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Local students wormed their way through Earth Week

Well-known worm advocate Cathy Nesbitt of Cathy's Crawly Composters led the educational sessions
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York Region students in grades 4 and 5 celebrated Earth Week by getting their hand's dirty learning how food scraps and paper can be turned into nature's finest soil. 

They also learned the ever-increasing role worms are going to play in waste management, soil production and food security.

In several interactive educational sessions led by worm advocate and founder of Cathy's Crawly Composters, Cathy Nesbitt, students from Georgina's Deer Park Public School learned the importance of forests, recycling, water conservation, and also took a guided nature walk along the York Region trail at the Bill Fisch Forest Stewardship and Education Centre in Whitchurch- Stouffville.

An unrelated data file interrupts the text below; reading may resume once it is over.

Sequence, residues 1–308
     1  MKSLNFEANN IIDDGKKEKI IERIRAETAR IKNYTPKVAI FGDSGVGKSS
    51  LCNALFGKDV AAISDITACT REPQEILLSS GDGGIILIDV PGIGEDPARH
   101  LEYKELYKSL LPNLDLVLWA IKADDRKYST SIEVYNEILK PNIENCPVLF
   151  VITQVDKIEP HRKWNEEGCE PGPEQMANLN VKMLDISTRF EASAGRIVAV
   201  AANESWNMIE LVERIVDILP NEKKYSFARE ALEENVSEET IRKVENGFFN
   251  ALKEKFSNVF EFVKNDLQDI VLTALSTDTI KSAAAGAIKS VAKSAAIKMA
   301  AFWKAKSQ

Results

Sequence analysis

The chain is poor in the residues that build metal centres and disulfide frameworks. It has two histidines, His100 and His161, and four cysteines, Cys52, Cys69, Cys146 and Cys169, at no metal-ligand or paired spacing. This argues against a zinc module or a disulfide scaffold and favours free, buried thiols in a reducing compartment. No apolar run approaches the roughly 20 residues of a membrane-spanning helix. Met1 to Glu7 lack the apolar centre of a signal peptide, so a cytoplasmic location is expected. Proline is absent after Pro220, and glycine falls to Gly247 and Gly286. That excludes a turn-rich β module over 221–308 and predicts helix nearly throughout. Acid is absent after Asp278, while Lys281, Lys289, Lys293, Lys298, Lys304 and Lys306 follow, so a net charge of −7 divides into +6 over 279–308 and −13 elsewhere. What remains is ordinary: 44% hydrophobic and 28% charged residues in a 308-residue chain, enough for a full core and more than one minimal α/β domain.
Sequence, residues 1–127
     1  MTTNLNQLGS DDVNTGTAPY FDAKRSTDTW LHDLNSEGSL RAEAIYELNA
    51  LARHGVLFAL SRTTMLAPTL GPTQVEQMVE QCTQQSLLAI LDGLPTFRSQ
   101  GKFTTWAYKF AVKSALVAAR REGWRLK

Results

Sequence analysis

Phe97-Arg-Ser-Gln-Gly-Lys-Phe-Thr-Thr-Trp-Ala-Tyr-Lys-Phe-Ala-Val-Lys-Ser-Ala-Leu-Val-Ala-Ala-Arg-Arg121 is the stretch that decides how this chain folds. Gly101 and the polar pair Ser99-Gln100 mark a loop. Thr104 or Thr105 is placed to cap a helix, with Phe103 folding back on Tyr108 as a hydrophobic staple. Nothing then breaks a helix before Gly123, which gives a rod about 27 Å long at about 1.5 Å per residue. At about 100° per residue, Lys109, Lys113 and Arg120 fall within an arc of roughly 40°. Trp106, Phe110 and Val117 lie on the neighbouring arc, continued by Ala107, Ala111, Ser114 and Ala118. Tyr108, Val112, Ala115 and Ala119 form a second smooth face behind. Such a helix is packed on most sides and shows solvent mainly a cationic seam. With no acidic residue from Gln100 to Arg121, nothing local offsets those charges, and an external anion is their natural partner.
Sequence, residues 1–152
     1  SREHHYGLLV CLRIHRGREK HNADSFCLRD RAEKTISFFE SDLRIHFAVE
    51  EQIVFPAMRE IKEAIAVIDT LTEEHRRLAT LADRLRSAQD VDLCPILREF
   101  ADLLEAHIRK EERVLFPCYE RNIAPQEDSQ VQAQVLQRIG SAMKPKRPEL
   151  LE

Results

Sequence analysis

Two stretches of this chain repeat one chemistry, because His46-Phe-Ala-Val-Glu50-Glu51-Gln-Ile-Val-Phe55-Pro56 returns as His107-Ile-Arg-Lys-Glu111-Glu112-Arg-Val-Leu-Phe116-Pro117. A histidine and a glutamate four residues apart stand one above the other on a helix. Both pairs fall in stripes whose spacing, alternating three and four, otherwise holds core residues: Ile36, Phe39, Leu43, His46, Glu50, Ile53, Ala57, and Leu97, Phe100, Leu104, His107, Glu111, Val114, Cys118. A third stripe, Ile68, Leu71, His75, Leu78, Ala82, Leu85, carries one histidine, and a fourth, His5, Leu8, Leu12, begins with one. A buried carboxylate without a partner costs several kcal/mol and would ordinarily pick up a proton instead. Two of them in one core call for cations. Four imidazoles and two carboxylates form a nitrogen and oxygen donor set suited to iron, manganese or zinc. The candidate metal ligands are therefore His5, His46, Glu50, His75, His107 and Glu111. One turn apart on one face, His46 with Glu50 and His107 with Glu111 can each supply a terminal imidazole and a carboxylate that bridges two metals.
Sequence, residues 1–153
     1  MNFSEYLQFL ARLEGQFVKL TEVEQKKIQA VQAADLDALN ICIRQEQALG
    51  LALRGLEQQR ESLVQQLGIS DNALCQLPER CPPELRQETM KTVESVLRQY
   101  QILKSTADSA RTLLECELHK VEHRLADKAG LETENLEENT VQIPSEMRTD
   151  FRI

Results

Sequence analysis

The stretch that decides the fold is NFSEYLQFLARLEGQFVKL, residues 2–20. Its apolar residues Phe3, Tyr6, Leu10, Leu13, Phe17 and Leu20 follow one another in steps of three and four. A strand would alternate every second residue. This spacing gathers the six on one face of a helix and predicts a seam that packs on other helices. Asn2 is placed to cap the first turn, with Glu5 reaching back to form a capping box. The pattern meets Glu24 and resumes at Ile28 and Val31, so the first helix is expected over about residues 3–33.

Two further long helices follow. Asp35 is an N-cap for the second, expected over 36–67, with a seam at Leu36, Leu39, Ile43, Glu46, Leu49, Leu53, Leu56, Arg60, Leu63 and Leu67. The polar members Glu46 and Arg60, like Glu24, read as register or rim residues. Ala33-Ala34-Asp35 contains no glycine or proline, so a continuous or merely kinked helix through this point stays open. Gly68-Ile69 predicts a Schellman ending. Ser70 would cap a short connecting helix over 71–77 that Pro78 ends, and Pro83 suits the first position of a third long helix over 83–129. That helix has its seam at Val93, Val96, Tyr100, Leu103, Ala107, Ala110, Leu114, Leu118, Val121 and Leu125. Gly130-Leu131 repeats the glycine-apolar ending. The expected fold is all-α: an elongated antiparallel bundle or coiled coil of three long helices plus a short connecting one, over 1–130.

During the presentation, worm composting was described from set up to harvest, and worm eggs, castings and worm bins in various stages were displayed. Students even held a worm or two.

Throughout Earth Week from April 22 to 26, the Region shared the importance of Earth Day and Earth Week and encouraged residents to participate in easy everyday actions which can make big impacts to the environment and their health.   

To learn more about Cathy's Crawly Composters and its endeavours to reduce the amount of waste going to landfill, visit here.

For information on simple tips and York Region programs and services which can support your actions, please visit here.

The Regional Municipality of York consists of nine local cities and towns and provides a variety of programs and services to 1.2 million residents and 52,000 businesses with over 636,000 employees. 

More information about the Region’s key service areas is available here.




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